Eisenhower was a finalist for the Pulitzer Prize in history in 1987 for his work Eisenhower At War, 1943-1945—about the Allied leadership during World War II.[4][8]

He is the host of a Public Television series called "The Whole Truth with David Eisenhower," distributed by American Public Television.[9]

Personal life[edit]

Julie and David Eisenhower (age 23) in 1971.

On December 22, 1968, Eisenhower married Julie Nixon, the daughter of the 37th President of the United States, Richard Nixon, who served as Dwight Eisenhower's vice president. The couple had known each other since meeting at the 1956 Republican National Convention. The Reverend Norman Vincent Peale officiated in the non-denominational rite at the Marble Collegiate Church in New York City. Eisenhower's best man was future The Love Boat actor and U.S. congressman Fred Grandy.[10][11]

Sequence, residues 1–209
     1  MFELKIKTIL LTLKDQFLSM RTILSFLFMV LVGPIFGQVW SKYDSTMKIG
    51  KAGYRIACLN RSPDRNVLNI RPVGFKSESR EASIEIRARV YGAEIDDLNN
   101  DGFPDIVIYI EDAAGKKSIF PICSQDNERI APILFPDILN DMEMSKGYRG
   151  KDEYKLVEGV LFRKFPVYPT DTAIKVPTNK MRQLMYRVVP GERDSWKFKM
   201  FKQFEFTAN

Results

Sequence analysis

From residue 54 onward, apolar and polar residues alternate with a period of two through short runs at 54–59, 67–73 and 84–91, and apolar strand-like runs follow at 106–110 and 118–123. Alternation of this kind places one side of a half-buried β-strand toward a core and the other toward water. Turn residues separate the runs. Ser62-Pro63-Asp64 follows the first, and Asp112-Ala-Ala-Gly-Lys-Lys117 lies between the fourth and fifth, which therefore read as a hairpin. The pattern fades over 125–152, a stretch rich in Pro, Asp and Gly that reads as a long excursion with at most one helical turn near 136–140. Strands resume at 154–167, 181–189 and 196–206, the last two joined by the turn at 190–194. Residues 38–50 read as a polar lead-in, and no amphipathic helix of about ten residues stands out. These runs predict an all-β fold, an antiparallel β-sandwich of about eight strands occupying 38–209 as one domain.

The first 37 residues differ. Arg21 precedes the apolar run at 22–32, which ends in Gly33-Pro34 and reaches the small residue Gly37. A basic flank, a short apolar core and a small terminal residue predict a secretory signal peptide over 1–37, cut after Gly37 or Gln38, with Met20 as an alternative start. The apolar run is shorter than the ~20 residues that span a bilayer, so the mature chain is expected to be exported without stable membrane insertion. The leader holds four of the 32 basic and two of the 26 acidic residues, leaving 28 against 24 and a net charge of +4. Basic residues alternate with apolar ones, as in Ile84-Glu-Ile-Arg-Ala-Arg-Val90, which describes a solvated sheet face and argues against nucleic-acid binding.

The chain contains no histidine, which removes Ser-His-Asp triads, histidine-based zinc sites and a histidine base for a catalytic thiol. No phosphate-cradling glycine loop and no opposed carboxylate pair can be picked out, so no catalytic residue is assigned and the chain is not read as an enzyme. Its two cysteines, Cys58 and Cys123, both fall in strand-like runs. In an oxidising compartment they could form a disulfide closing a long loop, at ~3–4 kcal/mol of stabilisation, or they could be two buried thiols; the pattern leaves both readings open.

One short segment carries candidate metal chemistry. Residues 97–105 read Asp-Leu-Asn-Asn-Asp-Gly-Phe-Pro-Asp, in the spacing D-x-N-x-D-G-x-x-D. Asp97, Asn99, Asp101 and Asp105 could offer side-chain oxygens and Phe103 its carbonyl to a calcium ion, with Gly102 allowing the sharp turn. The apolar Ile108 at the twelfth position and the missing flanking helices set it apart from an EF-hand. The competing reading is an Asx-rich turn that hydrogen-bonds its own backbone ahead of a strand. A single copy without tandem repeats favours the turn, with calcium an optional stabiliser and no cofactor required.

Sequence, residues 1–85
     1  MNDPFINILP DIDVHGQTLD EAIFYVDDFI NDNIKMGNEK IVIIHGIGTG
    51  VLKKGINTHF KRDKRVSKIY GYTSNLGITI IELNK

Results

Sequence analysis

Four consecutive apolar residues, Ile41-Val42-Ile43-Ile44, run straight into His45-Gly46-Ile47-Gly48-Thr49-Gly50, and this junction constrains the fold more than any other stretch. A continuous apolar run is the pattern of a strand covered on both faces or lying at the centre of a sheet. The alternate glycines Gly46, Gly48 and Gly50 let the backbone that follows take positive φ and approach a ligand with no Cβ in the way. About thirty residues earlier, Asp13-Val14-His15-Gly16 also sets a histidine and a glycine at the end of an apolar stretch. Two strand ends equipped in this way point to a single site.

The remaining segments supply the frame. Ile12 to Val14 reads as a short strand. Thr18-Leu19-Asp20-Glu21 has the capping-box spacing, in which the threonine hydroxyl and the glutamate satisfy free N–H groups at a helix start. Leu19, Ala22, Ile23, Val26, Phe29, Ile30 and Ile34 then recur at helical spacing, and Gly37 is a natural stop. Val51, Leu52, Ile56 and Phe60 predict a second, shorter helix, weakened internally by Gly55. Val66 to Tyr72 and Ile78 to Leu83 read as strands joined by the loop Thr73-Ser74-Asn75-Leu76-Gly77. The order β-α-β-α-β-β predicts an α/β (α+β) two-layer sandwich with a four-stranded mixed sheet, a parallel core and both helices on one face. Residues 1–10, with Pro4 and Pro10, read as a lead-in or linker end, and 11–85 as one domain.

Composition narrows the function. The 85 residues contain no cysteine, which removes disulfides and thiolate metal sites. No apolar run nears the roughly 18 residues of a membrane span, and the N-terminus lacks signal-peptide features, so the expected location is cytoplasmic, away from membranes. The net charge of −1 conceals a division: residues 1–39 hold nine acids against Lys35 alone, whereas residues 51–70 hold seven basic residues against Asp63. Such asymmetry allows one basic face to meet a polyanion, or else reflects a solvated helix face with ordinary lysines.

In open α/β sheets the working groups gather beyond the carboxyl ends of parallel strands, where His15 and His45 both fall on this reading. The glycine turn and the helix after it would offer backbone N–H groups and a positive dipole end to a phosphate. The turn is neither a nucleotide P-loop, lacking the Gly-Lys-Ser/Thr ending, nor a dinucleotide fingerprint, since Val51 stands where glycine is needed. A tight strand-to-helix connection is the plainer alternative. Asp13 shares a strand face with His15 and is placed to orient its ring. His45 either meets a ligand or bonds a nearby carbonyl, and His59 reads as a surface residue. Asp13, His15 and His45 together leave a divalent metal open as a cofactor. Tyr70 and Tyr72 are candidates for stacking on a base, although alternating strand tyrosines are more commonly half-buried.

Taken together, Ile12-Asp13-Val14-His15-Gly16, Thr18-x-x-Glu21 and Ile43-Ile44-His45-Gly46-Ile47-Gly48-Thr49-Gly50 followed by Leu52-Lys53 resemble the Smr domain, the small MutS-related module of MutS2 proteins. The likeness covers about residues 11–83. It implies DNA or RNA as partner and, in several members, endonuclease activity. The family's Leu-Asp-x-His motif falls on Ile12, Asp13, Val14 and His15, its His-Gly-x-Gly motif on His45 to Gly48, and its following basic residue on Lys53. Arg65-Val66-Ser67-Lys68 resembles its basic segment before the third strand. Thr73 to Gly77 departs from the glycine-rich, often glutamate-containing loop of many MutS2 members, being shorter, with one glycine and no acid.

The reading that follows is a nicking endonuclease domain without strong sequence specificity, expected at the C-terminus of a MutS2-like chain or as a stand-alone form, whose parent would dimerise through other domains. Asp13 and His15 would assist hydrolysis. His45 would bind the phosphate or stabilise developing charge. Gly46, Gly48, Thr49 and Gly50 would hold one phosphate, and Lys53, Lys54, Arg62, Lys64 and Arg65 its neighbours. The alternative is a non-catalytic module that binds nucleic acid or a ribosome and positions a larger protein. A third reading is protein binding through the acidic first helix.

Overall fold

David Eisenhower was Julie Nixon's civilian escort when she was presented as a debutante to high society at the prestigious International Debutante Ball at the Waldorf-Astoria Hotel in New York City in 1966. Many other members of the Eisenhower and Nixon families have been presented as debutantes at the International Debutante Ball, including their daughter Jennie.[12][13]

Eisenhower and his wife Julie live in Berwyn, Pennsylvania.[14] They have three children: actress Jennie Elizabeth Eisenhower (b. 1978);[15] Alexander Richard Eisenhower (b. 1980);[16] and Melanie Catherine Eisenhower (b. 1984). They also have three grandchildren.

In popular culture[edit]